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Urban Legends 2: Final Cut

Starring Jennifer Morrison, Matthew Davis, Joseph Lawrence, Loretta Devine and Hart Bochner
Screenplay by Paul Harris Boardman & Scott Derrickson
Directed by John Ottman
website: www.sony.com/urbanlegends

IN SHORT: The end of the line. Please. [Rated R. minutes.]

We're not going to tell you who did it. We're not going to reveal the plot twist upon plot twist that end the flick and we're going to do our damndest not to tip our hands. That being said, the standard horror genre misdirection works so damned well in Urban Legends Final Cut that we weren't scared at all and not shocked when the plot twists and revelations finally hit. Actually, the more horror movies we see, the more we begin to think that it's time for Hollywood to stop making these things for a couple of years because, as you'll know when you get to the final twist that, the genre is officially tapped out.

Or maybe the right wing in Washington should apply the three strikes law to horror film viewing. You see three, you move on. Works for me.

For now, we move on to ... Alpine College , on whose campus stands "the greatest film school that ever existed." That's the Dean talking to students who spend thousands of dollars building sets and about a buck three eighty on their own slice 'n' dice scripts to film. That's no diss. It's actually cheaper to shoot a slice 'n' dice, though Bosco syrup looks more like blood if you shoot in black and white (and it's cheaper -- we speak from experience). Here we meet the cream of the crop of nouveau artistes, Travis (Matthew Davis) and Toby (Anson Mount) who battle for the prestigious Hitchcock Award, which means the fast track to Hollywood. Right behind them is Amy (Jennifer Morrison) who is about to shoot her own thesis film, based upon the legend of a series of mass murders on the campus of Pendleton University, told to her by security guard Reese (Loretta Devine, returning from the original).

She's snatched up most of Travis' crew: DP Simon (Marco Hofschneider), special effects geeks Stan (Anthony Anderson) and Dirk (Michael Bacall), recordist Vanessa (Eva Mendes). Amy also seems to have Travis' support . . . until he gets a "C" on his film "Gods in Heaven" and blows his brains out in the school belltower. A mysterious man in a black swordfighting getup appears, um, mysteriously on campus, wielding a sharp pointy thing. From that point on film students start disappearing one by one, and, once disappearances turn to discovered bodies, it seems to the crack security team of one that Madame Director Amy is the person usually first on the scene when the blood starts to flow. Add to that the mysterious appearance of . . . well that would be telling . . . to aid Amy and keep the murderous details out of the hands of the police and you get a plain old decapitate 'em, chop 'em up and hang 'em high flick, remarkably blood free and falling far short (thankfully) of traditional slice 'n dice movies. While it tries hard to work a lot of humor into the horror, the crowd I was sitting with was cackling at the murders, which confused the hell out of me.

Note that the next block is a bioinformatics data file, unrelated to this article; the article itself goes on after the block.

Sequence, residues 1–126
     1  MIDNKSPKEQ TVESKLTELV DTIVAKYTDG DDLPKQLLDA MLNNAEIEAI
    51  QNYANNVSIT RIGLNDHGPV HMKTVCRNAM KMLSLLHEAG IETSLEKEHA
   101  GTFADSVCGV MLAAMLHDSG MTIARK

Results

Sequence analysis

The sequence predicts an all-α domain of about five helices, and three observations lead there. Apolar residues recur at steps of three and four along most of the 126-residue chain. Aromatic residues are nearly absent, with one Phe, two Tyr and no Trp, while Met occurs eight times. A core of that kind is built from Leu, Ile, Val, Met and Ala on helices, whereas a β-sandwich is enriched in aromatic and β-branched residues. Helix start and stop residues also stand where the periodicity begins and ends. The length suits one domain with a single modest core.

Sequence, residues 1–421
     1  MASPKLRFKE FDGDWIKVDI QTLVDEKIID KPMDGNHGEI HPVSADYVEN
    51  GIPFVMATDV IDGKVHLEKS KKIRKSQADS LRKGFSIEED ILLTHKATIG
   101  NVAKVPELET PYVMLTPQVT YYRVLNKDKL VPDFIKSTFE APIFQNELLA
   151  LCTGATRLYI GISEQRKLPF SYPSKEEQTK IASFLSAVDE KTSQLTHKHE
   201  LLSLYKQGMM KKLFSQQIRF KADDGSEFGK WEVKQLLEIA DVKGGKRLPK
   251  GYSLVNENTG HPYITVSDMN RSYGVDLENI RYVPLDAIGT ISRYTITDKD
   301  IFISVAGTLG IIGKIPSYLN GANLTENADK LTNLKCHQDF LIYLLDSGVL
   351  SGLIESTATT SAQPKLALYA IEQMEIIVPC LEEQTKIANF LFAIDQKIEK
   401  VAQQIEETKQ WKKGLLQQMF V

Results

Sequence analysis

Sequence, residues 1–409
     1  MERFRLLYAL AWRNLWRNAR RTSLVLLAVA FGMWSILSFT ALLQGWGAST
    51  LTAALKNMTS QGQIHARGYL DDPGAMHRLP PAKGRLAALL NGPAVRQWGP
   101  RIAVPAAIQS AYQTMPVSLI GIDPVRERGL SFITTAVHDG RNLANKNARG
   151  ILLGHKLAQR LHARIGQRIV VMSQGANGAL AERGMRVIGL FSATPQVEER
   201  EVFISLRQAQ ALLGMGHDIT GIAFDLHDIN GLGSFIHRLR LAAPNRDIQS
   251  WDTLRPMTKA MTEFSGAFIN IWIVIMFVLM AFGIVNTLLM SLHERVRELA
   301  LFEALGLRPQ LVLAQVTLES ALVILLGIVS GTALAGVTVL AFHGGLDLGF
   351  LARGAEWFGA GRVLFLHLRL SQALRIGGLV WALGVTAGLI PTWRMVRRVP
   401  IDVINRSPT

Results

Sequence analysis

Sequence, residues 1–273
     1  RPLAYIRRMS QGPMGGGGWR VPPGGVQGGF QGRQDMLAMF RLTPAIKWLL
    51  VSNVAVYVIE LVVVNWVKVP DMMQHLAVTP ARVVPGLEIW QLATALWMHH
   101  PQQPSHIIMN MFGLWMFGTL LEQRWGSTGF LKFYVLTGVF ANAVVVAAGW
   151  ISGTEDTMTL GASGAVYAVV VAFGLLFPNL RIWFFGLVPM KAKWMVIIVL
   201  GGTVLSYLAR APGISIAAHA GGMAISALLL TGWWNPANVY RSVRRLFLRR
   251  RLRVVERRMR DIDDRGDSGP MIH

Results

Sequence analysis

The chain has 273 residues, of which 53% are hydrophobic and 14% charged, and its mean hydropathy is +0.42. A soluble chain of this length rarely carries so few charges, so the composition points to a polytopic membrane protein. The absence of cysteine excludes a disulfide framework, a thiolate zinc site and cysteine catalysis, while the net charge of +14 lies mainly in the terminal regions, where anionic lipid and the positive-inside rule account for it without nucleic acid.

Putting aside the series concept of integrating "urban legends" into string of killings, Final Cut is no more than an average wanna be horror flick, and far short of the creative or exceptionally gory killings that mark the best slice 'n' dice flicks. This is no sequel to Urban Legends. It is the same old same old and not suspenseful or scary in the least.

On average, a first run movie ticket will run you Eight Bucks. Were Cranky able to set his own price to Urban Legends: Final Cut, he would have paid...

$2.00

strictly for teens who haven't had their fill.

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The Cranky Critic website is Copyright © 1995  -  2017  by Chuck Schwartz. Articles by Paul Fischer are Copyright © 1999 - 2006 Paul Fischer. All images, unless otherwise noted, are property of,©, ®, their respective studios and are used by permission. All Rights Reserved. Not to be used or copied for any commercial purpose. Academy Award(s) and Oscar®(s) are registered trademarks and service marks of the Academy of Motion Picture Arts and Sciences.